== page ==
The owners may have voted unanimously to allow John Fisher to move forward with his plans to move the Oakland Athletics to Las Vegas, but there are still a number of hurdles that will need to be cleared before any shovels hit the dirt.
MLB is at an interesting inflection point right now, with the Diamond Sports Group bankruptcy debacle. DSG filed for bankruptcy in early 2023, aiming to clear over $8 billion in debt from its ledger. 14 MLB teams, and 42 professional teams in total, were affected by the filing. These teams were put at risk of losing a significant portion of their annual revenues provided by their local television contracts.
DSG has fought to pay significantly less to these affected teams than their original contracts require. It was recently reported that the Rangers and Twins will both be getting their broadcasting rights back sooner than later. The Twins will be able to pursue a new deal after the 2024 season, and the Rangers will be able to sign after 2025.
The league itself was forced to step up and provide broadcasting services for the Diamondbacks and Padres during the 2023 season. According to a report ($) from Evan Drellich and Ken Rosenthal of the Athletic, the Padres opted to take out a loan worth $50 million to cover cash flow discrepancies tied to the loss of their annual local tv deal.
Many MLB teams print money, but one major reason why is because of the lucrative local tv contracts they have. On the extreme end, the Dodgers currently earn $240 million annually from theirs.
Teams aren’t going to be happy taking a pay cut, and if things really go sideways with the DSG proceedings, you can expect a long labor battle between the owners and the players association when the current CBA expires after the 2026 season.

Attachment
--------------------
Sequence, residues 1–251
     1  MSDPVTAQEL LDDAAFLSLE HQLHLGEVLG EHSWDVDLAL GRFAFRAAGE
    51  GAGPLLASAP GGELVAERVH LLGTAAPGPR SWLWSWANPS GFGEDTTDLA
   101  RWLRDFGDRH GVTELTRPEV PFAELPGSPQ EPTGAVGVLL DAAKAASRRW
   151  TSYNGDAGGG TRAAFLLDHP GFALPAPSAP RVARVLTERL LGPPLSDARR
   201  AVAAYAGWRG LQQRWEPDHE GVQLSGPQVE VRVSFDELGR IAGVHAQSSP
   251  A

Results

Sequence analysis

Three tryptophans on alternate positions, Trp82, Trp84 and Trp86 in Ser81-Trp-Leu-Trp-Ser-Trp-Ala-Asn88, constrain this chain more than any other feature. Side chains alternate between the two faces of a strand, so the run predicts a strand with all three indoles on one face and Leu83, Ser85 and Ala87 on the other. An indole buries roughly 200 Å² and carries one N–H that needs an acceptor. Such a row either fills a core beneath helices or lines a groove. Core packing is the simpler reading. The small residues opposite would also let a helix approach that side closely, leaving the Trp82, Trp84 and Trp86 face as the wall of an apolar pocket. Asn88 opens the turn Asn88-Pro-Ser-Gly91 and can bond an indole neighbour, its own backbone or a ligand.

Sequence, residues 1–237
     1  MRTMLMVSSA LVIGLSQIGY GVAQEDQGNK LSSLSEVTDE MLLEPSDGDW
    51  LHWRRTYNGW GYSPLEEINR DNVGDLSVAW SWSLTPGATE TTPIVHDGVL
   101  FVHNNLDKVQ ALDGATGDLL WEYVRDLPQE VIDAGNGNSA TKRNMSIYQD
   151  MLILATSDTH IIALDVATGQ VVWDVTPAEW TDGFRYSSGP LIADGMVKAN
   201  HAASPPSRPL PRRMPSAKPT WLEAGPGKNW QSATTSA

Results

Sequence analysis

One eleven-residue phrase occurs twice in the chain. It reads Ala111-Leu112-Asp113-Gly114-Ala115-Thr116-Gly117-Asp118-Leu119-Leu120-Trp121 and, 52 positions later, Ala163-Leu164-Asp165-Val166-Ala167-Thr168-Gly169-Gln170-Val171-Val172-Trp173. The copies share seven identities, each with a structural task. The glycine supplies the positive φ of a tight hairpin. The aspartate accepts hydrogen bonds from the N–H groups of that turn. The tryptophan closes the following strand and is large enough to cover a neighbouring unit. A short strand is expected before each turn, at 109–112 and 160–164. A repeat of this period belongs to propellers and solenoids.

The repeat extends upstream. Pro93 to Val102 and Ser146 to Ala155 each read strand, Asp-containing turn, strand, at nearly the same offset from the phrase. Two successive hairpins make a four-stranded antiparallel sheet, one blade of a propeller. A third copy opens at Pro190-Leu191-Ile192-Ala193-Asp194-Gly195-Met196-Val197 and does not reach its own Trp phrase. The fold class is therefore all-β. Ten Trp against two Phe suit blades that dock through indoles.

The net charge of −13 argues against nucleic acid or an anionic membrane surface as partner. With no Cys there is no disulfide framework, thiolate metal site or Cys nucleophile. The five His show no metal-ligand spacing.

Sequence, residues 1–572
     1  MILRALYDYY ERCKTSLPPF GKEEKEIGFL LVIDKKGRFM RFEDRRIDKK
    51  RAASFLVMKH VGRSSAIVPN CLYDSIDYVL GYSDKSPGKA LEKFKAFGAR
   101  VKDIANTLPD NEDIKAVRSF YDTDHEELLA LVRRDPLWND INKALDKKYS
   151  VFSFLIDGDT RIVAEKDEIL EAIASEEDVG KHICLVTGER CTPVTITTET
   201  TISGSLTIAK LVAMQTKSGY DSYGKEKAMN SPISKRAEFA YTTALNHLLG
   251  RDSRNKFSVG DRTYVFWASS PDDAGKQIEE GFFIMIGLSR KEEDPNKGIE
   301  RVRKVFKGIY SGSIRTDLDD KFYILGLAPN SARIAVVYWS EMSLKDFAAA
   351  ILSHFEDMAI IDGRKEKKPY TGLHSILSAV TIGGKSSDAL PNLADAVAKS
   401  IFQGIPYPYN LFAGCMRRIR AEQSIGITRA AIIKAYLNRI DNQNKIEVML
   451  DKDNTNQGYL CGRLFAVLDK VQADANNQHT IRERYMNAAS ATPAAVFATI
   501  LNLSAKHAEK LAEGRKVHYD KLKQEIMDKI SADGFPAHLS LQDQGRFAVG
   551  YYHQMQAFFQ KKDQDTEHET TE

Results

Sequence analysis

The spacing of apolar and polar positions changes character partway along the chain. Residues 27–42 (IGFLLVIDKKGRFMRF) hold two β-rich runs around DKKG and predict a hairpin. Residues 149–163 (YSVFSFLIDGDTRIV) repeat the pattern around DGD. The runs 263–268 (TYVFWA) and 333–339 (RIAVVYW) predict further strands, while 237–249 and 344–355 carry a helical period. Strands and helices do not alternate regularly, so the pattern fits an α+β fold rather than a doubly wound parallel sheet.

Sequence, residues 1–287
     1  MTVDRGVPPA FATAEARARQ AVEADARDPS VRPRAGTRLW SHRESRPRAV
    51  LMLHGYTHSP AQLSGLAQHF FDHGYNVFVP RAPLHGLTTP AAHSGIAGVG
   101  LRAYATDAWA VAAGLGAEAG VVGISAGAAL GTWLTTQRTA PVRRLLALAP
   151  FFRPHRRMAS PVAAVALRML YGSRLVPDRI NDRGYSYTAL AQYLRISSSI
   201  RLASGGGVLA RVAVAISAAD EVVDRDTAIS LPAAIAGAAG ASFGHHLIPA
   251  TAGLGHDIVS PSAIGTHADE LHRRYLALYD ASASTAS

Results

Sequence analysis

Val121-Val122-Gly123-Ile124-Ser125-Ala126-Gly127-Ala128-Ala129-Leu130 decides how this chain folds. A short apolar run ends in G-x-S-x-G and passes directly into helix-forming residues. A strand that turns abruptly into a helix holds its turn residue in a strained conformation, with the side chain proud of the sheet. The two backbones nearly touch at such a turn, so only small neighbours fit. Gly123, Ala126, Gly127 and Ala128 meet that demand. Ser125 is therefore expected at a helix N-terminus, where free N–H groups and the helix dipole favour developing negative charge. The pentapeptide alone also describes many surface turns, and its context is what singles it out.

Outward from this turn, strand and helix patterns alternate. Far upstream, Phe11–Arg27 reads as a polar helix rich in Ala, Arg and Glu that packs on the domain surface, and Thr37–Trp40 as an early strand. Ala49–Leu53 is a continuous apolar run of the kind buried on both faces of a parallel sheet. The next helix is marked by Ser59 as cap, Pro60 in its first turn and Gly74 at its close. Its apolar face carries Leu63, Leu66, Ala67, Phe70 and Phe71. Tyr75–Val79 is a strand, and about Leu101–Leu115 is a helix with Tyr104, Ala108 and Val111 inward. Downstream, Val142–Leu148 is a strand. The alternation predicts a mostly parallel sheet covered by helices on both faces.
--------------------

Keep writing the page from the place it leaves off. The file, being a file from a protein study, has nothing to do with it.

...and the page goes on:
How will teams cope with a loss in tv money
With so many teams staring down the barrel of lost revenue, despite the growth in revenue in nearly all other buckets, it’s no wonder why commissioner Rob Manfred is pushing so hard for expansion.
Manfred has stated that prior to any serious expansion consideration, the Athletics and the Rays need to settle their stadium situations. For John Fisher, that means leaving Oakland in favor of Las Vegas, despite whether they have a sufficient plan in place to do so.
When the owners voted unanimously in favor of the A’s move on Thursday, they signaled to fans everywhere that they’re concerned about money, first and foremost. The A’s will be a permanent revenue sharing recipient in Las Vegas, and Manfred has said the league is opting to waive the standard relocation fee of roughly $300 million for Fisher.
MLB is trying to move this process along as quickly as possible so they can check this box off the list and move on to the Rays situation in Tampa. There are other owners angling for taxpayer money for ballpark updates, specifically in Boston, Milwaukee, and Kansas City. But Manfred hasn’t put expansion on hold while those situations get resolved.
The sooner Fisher and Rays owner Stu Sternberg have their plans in place, the sooner MLB can move forward with expansion. Current expansion fees are estimated between $2 billion and $2.5 billion, per franchise. Split 30 ways, that’s somewhere in the range of $175 million to each current owner.
MLB likely wants to move this process forward now, or else risk a change in franchise valuation based on local tv rights deals. For teams who are losing revenue due to the DSG bankruptcy, the quick cash from expansion is quite the golden goose.
It’s hard to believe that the owners would approve relocation for the A’s despite all the unanswered questions unless they have some ulterior motives. It’s not necessarily nefarious, but there is certainly evidence that the owners see what’s ahead of them in the battle for local television money, the revenue drop that will come from a move to a direct-to-consumer streaming model, and know that shoving the square peg into a round hole that is the A’s relocation efforts is the quickest way to getting the expansion revenue.